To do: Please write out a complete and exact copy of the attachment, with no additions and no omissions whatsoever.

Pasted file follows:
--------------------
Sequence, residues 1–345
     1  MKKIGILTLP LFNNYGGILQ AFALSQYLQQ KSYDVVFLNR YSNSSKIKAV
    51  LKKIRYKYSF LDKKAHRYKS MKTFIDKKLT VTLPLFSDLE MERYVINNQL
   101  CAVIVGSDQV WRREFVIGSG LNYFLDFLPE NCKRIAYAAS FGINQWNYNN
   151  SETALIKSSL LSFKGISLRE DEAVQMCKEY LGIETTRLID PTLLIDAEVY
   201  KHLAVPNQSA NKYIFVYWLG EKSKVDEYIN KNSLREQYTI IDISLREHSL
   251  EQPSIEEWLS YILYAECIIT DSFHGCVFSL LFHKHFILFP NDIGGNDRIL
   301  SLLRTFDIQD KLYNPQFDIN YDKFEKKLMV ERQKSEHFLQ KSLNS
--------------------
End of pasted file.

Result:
Sequence, residues 1–345
     1  MKKIGILTLP LFNNYGGILQ AFALSQYLQQ KSYDVVFLNR YSNSSKIKAV
    51  LKKIRYKYSF LDKKAHRYKS MKTFIDKKLT VTLPLFSDLE MERYVINNQL
   101  CAVIVGSDQV WRREFVIGSG LNYFLDFLPE NCKRIAYAAS FGINQWNYNN
   151  SETALIKSSL LSFKGISLRE DEAVQMCKEY LGIETTRLID PTLLIDAEVY
   201  KHLAVPNQSA NKYIFVYWLG EKSKVDEYIN KNSLREQYTI IDISLREHSL
   251  EQPSIEEWLS YILYAECIIT DSFHGCVFSL LFHKHFILFP NDIGGNDRIL
   301  SLLRTFDIQD KLYNPQFDIN YDKFEKKLMV ERQKSEHFLQ KSLNS